Why is Amazon deleting writers’ reviews of other authors’ books?
By Carolyn Kellogg
If emails from Amazon’s customer service team are a fair indicator, it appears the online retailer considers authors to be direct competitors of other authors. And email chains are all we have to go on, as Amazon did not respond to our request for comment. On Wednesday, Steve Weddle, an author of crime fiction, blogged about how he had tried repeatedly to leave a nice review for “Karma Backlash,” a pulpy e-book by his friend Chad Rohrbacher, on its sales page on Amazon. Weddle’s review was received but never posted. When he asked Amazon what was happening, Weddle got an email reply that explained, “We have removed your review from Karma Backlash. We do not allow reviews on behalf of a person or company with a financial interest in the product or a directly competing product. This includes authors, artists, publishers, manufacturers, or third-party merchants selling the product. As a result, we’ve removed your reviews for this title.”
This new edict makes no sense to me. I mean, I do get the idea that they want to protect the integrity of their review system. And there are some flaws and ways in which it can be abused, both positively and negatively. Earlier this year, there was the case of the writer, RJ Ellory, who had been discovered to have been posting fake positive reviews for his own books, which is bad enough, but also he was posting fake negative reviews on the books of other writers in his same genre (read about that HERE). Essentially, trying to hype himself up, while trashing the competition. So that’s not cool.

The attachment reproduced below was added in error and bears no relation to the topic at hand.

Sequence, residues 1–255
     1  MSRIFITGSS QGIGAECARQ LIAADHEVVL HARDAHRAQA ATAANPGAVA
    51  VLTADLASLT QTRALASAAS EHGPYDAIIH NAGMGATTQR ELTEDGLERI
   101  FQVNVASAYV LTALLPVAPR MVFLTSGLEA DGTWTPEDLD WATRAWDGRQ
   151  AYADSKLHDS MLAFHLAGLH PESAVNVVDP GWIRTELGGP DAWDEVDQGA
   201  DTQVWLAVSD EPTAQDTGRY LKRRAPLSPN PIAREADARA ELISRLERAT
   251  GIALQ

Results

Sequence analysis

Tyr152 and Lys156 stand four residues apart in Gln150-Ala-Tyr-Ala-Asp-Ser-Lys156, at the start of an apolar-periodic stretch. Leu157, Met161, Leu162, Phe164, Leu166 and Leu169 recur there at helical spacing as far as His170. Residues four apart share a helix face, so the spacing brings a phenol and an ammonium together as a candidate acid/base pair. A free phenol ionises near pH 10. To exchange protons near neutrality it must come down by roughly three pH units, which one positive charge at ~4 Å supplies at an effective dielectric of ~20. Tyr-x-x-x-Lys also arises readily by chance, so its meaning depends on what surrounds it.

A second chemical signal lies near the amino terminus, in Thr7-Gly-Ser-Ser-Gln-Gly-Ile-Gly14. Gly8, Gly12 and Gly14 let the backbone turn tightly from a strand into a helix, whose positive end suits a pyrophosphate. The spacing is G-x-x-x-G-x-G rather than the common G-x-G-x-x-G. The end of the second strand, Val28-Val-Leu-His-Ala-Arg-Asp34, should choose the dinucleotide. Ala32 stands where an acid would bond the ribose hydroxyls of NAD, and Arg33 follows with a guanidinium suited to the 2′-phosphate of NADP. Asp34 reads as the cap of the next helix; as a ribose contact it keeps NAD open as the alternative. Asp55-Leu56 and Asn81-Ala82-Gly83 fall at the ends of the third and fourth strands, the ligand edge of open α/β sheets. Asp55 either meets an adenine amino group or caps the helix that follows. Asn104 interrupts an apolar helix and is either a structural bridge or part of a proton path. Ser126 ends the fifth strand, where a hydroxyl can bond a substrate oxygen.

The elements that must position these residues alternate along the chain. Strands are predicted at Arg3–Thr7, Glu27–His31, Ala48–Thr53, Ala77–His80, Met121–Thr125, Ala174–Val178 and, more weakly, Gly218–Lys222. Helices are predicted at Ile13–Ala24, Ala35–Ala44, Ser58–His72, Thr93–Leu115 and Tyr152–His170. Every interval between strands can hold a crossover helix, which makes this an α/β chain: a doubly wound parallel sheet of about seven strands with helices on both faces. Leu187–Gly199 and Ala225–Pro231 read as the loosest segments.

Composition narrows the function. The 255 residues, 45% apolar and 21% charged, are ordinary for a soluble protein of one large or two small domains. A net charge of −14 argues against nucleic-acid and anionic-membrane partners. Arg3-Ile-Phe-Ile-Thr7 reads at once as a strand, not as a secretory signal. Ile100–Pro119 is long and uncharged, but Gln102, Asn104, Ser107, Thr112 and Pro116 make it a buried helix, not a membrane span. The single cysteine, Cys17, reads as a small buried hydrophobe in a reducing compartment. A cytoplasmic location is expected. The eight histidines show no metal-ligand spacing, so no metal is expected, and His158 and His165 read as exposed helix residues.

But there are also other ways the Amazon review system can be abused. I recall maybe a year or so ago, I can’t remember the exact details, that there was a writer who had spoken out against internet piracy and those who illegally download ebooks and other forms of entertainment. An online mob of pirates then intentionally started a campaign of posting a bunch of negative reviews for all of his books, dropping his books down the Amazon list. It was just a malicious act.
But, to me, the key here is not to try to restrict a specific group of people on Amazon from reviewing something (& why restrict it to authors? Should they ban actors/directors/screenwriters from reviewing other movies, too?). What I think they should do is restrict all reviews, for all products, to “verified” reviewers only. Meaning, only people who have actually purchased the product on Amazon are then able to post a review for it on Amazon. For the record, I am a steady customer of Amazon.com, I buy stuff off that site all the time, and am an Amazon Prime member (that’s a deal where, for $79 a year, you get free UPS 2nd Day shipping on most products you order). And when I check reviews of stuff, especially products that I might use, I look at the verified reviews, because I know those folks actually bought the product so, ideally, these are people who really used the stuff. Same with books, or movies, I know they watched/read the stuff, so that gives their opinion more credibility, in my eyes.
Of course, I know even that system isn’t perfect. People can still game the system, and write fake positive or negative reviews, but I think most of the folks who are inclined to do that will be less likely to if they have to spend money on it. Just my opinion.